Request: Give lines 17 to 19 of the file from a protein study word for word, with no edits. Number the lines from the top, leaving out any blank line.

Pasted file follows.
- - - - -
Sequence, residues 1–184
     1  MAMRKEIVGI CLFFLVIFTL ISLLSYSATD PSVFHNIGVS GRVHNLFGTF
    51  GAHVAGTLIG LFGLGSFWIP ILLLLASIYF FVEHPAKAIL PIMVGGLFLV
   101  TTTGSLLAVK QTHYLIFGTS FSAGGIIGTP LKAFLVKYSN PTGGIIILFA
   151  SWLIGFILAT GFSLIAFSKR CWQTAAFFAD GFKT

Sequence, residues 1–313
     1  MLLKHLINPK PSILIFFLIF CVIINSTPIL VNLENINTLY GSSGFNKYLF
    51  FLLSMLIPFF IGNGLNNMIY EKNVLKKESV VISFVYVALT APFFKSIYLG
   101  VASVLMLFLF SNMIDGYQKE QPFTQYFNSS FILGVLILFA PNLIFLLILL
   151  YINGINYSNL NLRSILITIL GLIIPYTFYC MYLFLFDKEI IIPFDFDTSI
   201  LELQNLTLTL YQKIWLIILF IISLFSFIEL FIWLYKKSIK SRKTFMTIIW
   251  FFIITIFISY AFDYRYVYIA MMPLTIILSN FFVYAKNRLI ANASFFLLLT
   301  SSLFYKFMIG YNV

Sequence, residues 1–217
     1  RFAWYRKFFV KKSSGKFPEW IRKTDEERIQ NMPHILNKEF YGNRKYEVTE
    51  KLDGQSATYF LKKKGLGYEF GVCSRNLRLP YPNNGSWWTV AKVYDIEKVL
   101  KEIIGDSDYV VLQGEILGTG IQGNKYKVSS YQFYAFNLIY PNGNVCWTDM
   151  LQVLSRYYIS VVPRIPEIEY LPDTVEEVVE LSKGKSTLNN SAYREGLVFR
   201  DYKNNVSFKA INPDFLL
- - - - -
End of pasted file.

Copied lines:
   101  KEIIGDSDYV VLQGEILGTG IQGNKYKVSS YQFYAFNLIY PNGNVCWTDM
   151  LQVLSRYYIS VVPRIPEIEY LPDTVEEVVE LSKGKSTLNN SAYREGLVFR
   201  DYKNNVSFKA INPDFLL